“So you talked to John Bolton and he said the Obama administration isn’t doing enough to affect President Putin’s crackdown on civil liberties, free expression, political dissent. And I was wondering if you could comment on what the Obama administration is doing. What steps it is taking.”
“Now one has to remember that John Bolton is from the other side the political spectrum being a Republican former Ambassador to the United Nations. He has a stake, if you will, in criticizing the Obama administration.”
“But having said that, I’ve been following the Soviet Union and Russia for many, many years now, and when I compare the way the US is handling the whole issue of human rights, now and then, there is a difference. The big difference is that when the Soviet Union was part of the global world, at every step of the way, whether there were negotiations between the United States and the Soviet Union on other issues, human rights always came up. The United States always brought up human rights.”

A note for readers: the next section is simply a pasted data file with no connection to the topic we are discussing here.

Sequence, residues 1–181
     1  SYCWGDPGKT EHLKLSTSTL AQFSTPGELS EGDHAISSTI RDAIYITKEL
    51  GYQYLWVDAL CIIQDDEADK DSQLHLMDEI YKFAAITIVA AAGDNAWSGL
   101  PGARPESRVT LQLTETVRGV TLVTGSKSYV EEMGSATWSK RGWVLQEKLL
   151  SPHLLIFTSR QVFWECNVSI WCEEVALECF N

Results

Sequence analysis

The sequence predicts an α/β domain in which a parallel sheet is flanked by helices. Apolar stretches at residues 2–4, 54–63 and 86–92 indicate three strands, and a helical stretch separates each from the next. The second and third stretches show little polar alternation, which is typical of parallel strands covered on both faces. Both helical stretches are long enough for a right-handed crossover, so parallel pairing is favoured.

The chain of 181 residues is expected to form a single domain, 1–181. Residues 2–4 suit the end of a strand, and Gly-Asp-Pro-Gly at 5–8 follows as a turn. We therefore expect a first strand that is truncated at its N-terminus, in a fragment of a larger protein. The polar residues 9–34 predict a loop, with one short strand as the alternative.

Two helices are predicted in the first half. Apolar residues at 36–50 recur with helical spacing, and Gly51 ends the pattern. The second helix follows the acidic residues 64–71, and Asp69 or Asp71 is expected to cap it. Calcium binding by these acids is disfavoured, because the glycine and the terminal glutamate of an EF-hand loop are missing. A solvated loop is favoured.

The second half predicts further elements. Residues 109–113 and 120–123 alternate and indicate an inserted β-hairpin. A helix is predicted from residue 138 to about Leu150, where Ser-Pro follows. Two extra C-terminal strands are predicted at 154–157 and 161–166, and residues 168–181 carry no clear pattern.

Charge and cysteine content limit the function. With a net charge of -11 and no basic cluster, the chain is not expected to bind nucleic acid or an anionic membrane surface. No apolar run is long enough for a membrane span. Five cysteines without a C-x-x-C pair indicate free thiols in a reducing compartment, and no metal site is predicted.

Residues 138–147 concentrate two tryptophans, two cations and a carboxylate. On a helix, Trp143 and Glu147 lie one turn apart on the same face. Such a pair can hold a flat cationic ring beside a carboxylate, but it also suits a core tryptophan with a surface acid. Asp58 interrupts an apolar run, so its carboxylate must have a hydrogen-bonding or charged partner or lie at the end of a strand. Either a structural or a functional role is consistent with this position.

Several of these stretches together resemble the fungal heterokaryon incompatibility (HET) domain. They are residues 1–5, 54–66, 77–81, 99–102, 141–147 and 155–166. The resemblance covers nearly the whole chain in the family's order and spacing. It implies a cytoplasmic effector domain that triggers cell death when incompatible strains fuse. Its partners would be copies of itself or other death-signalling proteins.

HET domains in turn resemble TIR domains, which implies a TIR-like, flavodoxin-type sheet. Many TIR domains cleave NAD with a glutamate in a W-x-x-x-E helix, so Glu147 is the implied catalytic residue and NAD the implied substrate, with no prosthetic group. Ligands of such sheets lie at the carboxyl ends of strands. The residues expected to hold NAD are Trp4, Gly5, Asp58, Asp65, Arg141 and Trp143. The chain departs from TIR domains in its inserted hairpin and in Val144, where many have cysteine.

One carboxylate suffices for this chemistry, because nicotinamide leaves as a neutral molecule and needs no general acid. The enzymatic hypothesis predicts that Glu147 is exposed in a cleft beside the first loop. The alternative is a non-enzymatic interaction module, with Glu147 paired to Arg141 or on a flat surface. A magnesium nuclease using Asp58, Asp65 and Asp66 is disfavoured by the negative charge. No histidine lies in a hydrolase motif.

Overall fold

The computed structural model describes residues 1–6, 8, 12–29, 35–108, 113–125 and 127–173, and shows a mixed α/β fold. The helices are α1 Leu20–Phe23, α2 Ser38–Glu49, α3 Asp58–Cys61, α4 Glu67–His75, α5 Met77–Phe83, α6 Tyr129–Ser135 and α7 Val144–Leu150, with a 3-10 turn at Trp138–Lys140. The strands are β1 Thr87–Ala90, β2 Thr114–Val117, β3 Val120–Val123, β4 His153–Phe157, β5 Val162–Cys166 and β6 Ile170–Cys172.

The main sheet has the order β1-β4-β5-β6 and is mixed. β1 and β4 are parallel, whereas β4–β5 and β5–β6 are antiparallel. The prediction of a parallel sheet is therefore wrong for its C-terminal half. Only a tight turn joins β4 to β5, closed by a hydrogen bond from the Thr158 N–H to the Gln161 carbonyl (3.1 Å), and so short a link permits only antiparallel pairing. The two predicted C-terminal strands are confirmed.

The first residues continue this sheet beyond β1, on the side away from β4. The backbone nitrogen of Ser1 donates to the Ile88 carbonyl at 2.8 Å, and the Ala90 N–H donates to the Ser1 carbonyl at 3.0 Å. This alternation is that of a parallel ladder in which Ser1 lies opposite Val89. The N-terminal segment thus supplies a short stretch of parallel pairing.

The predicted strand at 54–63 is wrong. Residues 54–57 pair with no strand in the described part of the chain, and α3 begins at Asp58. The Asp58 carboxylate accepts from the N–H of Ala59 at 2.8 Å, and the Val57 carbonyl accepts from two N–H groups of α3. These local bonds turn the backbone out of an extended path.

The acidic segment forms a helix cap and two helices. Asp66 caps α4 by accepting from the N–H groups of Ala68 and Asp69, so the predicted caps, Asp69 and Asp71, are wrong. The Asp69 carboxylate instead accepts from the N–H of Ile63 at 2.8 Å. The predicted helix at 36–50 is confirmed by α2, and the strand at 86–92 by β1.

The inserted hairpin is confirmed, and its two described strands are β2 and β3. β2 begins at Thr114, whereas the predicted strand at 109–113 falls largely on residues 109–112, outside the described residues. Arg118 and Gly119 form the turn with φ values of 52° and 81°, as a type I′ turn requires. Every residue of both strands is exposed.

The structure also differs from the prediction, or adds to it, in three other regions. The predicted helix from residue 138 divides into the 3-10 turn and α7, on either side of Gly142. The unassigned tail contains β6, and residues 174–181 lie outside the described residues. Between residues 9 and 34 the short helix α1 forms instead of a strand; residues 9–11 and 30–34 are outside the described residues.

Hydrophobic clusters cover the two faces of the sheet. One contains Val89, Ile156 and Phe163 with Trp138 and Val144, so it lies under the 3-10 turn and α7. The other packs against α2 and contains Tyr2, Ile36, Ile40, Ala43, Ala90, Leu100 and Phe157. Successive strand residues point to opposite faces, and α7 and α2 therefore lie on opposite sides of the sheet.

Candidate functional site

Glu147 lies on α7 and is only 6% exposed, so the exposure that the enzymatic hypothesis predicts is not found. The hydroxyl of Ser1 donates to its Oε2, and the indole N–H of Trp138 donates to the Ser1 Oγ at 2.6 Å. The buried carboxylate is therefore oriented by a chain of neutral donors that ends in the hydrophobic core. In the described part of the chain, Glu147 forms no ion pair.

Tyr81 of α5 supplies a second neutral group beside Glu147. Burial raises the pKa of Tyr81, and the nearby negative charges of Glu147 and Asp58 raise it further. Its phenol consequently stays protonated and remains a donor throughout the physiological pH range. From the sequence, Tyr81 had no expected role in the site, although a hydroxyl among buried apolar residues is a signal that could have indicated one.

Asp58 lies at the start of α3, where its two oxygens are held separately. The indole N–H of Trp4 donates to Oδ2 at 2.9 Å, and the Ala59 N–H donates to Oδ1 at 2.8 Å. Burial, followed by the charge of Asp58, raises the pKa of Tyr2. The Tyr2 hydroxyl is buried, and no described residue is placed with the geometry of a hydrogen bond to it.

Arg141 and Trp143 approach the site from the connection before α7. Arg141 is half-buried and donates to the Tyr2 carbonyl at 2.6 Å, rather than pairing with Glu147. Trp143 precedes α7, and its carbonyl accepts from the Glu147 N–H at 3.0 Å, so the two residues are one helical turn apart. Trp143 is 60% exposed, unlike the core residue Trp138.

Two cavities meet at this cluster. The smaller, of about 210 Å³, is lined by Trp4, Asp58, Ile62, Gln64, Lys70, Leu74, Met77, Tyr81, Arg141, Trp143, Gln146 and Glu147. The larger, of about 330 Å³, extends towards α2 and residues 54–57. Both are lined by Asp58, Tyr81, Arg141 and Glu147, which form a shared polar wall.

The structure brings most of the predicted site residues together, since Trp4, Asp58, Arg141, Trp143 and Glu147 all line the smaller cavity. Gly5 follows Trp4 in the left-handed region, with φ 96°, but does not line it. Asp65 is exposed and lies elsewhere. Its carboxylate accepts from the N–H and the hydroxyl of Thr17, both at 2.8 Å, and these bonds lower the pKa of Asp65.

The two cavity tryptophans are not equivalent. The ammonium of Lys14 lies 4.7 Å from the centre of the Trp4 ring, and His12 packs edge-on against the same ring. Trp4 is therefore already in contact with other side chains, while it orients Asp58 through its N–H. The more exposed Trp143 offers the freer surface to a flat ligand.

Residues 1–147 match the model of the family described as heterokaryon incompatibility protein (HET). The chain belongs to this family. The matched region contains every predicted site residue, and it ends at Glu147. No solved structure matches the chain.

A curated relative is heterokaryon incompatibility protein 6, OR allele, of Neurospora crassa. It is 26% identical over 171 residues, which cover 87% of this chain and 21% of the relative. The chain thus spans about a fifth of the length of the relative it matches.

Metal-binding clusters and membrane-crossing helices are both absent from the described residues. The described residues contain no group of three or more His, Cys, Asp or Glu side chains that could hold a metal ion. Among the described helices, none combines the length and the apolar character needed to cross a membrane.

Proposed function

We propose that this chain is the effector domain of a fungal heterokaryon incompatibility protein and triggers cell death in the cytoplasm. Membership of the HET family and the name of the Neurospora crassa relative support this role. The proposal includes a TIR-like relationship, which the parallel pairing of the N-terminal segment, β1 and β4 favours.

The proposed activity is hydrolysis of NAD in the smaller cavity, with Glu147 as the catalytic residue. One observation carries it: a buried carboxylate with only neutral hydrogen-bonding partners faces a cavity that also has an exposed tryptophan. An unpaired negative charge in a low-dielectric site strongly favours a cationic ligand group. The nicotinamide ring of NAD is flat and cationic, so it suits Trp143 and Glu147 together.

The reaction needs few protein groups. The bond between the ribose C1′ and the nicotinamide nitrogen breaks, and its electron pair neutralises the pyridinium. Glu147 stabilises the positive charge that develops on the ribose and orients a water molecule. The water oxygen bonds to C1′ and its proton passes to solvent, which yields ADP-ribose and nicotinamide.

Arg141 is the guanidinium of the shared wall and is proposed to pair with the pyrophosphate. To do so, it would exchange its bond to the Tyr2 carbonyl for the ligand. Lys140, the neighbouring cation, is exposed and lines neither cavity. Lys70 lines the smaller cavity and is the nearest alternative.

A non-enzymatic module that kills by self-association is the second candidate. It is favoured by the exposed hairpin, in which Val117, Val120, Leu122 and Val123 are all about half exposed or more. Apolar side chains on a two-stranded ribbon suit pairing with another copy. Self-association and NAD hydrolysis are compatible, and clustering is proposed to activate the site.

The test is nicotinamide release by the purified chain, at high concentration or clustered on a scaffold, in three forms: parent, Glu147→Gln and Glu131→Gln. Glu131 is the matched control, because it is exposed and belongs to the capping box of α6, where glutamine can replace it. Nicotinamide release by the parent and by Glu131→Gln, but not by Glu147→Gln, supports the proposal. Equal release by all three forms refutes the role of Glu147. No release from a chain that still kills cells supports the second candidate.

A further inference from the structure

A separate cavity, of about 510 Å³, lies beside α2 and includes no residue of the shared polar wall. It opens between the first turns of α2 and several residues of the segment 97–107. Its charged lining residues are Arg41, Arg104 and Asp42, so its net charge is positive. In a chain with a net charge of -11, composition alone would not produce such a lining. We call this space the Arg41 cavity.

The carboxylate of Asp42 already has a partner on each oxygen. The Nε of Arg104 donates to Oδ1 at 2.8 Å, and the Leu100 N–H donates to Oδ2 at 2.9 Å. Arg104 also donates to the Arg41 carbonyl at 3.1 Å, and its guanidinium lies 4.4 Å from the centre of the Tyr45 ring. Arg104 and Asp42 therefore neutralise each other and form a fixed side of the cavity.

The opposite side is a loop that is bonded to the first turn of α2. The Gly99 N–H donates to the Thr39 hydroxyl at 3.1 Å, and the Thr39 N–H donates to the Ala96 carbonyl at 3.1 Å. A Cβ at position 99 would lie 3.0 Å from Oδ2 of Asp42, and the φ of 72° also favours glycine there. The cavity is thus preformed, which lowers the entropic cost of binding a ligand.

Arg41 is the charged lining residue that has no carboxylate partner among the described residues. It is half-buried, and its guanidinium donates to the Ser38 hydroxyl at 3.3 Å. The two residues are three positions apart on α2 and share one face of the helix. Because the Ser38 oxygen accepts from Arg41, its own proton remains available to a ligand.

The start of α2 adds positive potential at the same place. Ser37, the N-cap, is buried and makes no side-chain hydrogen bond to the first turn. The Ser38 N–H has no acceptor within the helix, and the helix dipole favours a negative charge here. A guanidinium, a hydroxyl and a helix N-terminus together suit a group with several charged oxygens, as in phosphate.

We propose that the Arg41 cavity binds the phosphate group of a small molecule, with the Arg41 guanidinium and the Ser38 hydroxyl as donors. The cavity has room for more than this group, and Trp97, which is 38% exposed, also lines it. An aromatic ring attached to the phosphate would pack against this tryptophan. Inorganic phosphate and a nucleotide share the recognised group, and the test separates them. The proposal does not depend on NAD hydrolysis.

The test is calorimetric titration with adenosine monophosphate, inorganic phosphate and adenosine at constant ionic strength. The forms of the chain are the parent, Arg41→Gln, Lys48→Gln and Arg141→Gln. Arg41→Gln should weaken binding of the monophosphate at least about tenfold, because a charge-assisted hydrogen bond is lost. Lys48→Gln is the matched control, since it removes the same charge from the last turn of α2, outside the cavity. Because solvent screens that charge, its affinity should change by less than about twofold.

“And it seems that now that Russia is a democratic, or moving towards a democratic government, there is less of that. Remember, we are having a new secretary of state, John Kerry, who just took over a few days ago and he has stated that human rights will be an important part of going forward in US and Russian relations. The Russians will always say you are interfering in internal affairs, but the United States, I think, will be a stronger advocate for human rights.”
“So John Kerry may change the approach?”
“May change the approach or may suggest to the president to change the approach.”
“Well, thank you very much.”
“ My pleasure.”
You are listening to AS IT IS.